Earlier this week, a friend misspoke and suggested that I was unemployed. Now I want to say right here, right now, I bear her no ill will. It was a genuine mistake. She was overwhelmed at the time and her sentence was in complete shambles. But it did make me think about my own worth.
We all struggle with worth. Are we worthy of love?Are we worthy of respect? Are we worthy of happiness? Are we worthy of anything other than a complete and utter shit-show?
After all these years of me working from home, I still have a lot of people in my life – extended family and friends alike – who see me as a lazy, good-for-nothing, spoilt brat. Yes, she may have two degrees, but she’s sitting at home on her parents’ dime, likely having not had a bath in a week or brushed her teeth properly, still in her pyjamas telling her naïve parents that she’s working when actually she’s watching movies or reading smut. All day. Every day. 24/7.
This isn’t exactly a shock. It’s the generic stigma attached to most people who work from home, especially when they’re unmarried and without children. And it doesn’t matter how many people you cut out of a life or how many people you confront, the stigma remains. You aren’t doing anything the ominous ‘they’ think is productive, and therefore you aren’t worth the air you breathe.
What I’m actually doing is sitting in front of a computer screen (sometimes two or even three) editing photographs, looking after social media accounts, building websites, revising publication pieces, setting up blog tours, working on my own novel, studying for my CBT diploma. It’s true, on occasion, it’s in my pyjamas, but it’s never in bed. I’ve always had a bath and brushed my teeth. And, most importantly, I earn my own money. But because other people don’t acknowledge that, and the stigma still remains, one of those voices in my head is always ready to remind me that I am not worthy. Not of love, nor respect, and definitely not of happiness.
There’s A Mouse in My House!
Last month, my Mum told me that my sister was struggling. She was exhausted – mentally and physically – and she needed to reconnect with herself. To restore her equilibrium. For us Sihat Sisters, that always happens best at home with our parents. So, I bought her a ticket and had her fly back to London for few weeks. I offered the same thing to my other two sisters. One was busy and couldn’t make it but the other accepted.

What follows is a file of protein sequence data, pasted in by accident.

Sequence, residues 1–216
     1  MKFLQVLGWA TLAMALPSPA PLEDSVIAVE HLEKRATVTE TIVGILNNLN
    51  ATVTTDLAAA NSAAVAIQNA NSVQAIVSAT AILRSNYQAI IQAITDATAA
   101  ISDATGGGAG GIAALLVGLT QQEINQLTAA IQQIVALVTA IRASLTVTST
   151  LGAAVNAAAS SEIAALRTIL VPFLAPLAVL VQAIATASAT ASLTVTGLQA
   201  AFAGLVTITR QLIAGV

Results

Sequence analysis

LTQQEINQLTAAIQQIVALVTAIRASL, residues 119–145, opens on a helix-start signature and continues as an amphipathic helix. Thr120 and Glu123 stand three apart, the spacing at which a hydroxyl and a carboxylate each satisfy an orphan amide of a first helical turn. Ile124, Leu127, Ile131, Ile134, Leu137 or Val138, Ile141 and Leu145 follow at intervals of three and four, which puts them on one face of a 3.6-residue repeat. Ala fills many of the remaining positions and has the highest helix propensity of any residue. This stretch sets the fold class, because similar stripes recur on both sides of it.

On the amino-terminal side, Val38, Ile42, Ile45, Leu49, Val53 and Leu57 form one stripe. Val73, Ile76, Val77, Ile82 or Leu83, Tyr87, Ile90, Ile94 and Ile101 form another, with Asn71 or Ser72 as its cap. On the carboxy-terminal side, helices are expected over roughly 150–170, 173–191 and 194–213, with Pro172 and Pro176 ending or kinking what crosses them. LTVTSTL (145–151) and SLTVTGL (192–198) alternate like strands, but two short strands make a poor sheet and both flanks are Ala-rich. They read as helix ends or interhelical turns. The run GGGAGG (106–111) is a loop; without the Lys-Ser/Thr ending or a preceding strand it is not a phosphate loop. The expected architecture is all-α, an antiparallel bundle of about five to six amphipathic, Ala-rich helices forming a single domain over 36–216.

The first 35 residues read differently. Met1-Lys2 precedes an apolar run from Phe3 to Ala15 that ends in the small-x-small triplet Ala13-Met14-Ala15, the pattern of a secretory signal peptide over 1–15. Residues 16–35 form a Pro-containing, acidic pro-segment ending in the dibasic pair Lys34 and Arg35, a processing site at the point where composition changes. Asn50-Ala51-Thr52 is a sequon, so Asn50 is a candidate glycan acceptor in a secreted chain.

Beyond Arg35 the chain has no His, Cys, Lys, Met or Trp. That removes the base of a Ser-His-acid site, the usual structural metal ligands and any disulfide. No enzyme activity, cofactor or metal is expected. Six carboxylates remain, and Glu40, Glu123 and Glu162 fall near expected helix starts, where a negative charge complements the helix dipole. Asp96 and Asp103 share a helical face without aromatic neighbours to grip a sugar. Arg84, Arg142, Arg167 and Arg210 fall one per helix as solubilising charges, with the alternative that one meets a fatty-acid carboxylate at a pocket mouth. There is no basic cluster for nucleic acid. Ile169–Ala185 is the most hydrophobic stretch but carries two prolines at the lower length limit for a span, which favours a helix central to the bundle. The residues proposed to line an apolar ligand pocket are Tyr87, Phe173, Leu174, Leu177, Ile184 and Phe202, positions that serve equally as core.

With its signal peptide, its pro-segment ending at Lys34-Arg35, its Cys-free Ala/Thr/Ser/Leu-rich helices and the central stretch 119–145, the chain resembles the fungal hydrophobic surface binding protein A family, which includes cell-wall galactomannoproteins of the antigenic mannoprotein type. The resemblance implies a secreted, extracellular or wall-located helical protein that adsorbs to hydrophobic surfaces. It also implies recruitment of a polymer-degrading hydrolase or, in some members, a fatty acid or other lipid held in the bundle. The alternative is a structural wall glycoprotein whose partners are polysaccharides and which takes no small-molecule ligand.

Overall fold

That first week was incredible. I was sick – hello, chest infection, my old friend – but it was filled with fun and laughter and deep conversations…
…and then we saw it.
Well, actually, there were three mice, though they were clever enough to come out one at a time so we didn’t realise there were three until two had already been dealt with. Either way, with one sister having a knee injury and the second scared of mice, I bundled them and my nephews into my bedroom and slept downstairs with our uninvited house guests. Not that I slept. I spent a full week chasing those Jerry-wannabes around the house and was outsmarted on numerous occasions. Perhaps referring to them as ‘Jerry’ was a bad idea, I definitely became Tom in that scenario.
I slept in the morning, when there was an unoccupied bed; I hung out with my family in the afternoons; I worked in the evenings; and at night the chase would begin. You’d be right if you think that, by the end of it all, I was glad to have my room back. I was EXHAUSTED! But I was also filled with joy. Not only had I been able to bring two out of three of my sister’s home when they needed it but I was able to give them a peaceful night’s sleep. Suddenly I felt worthy.